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CCOC Decision Summary

#15-08, Cheryl Prentice v. Sierra Landing Condominium (February 6, 2009) (Panel: McCabe, Alkon, Kali)

The condominium unit owner complained that the condominium had failed to halt the repeated flooding of her below-grade unit and asked for damages and repairs.The condominium claimed that it had undertaken and completed major repairs at a cost of over $1 million and therefore had properly responded; it also claimed that its Bylaws contained a complete disclaimer of all damages caused by water.

The hearing panel found that the owner's complaints of flooding dated back to 1992, and that she experienced flooding from under the slab and from the ground-floor window wells at least through 2006.In 2007 the condominium performed extensive repairs.In spite of these repairs, on at least 3 occasions in 2008 the living room window well overflowed into the unit, damaging carpets and flooring and causing an infestation of mold.As of the date of the hearing, the mold persisted.The cost of replacing flooring and carpeting was $9577.The unit owner brought her problems to the attention of the board in 2007.In addition, the condo had been sued by the unit owner's neighbor in 2006 for the same problem and settled with that person.The window wells were common elements under the rules.The condominium could not explain why the living room window well still overflowed and therefore it has not corrected that problem.

The hearing panel found that the condominium had breached its fiduciary duty to maintain the common elements because it was on notice of the problems, had an opportunity to fix them, and failed to fix them properly."If this duty is breached and as a proximate cause of that breach a unit owner suffers property damage, the Condominium should be held responsible," said the panel.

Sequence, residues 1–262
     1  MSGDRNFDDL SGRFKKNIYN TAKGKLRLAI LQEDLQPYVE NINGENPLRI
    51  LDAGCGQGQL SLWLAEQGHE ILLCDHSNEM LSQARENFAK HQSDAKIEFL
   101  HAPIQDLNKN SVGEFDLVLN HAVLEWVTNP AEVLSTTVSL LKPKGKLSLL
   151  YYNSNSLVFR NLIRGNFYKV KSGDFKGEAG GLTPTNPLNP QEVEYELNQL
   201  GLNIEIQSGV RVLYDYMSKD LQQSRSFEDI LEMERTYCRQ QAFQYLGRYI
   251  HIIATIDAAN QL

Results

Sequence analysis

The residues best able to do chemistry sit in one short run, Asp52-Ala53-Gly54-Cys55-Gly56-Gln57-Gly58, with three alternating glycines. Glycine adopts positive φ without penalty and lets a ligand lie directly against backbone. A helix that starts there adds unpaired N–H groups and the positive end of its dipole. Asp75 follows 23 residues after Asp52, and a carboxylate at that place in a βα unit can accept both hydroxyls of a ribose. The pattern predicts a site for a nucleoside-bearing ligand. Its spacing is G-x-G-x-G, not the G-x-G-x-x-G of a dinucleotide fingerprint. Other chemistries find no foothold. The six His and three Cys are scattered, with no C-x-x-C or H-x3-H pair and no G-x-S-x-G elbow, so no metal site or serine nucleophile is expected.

The panel then held that the disclaimer of liability for water damage did not apply to water damage caused by the condominium's own negligence.It said the clause conflicted with the duties imposed by the Maryland Condominium Act and by the condominium's own governing documents to maintain the common areas.Furthermore, it conflicted with the condominium's documents that required the condominium to have insurance to cover its own liability, and with a rule that stated that if any unit was damaged by a leak from the common elements the condominium would fix the damages.

The panel ordered the condominium to pay the unit owner $9577 in damages under Section 10B-13(e) of the CountyCode, and within 30 days both determine the cause of the continued flooding and remove the mold infestation from the unit.



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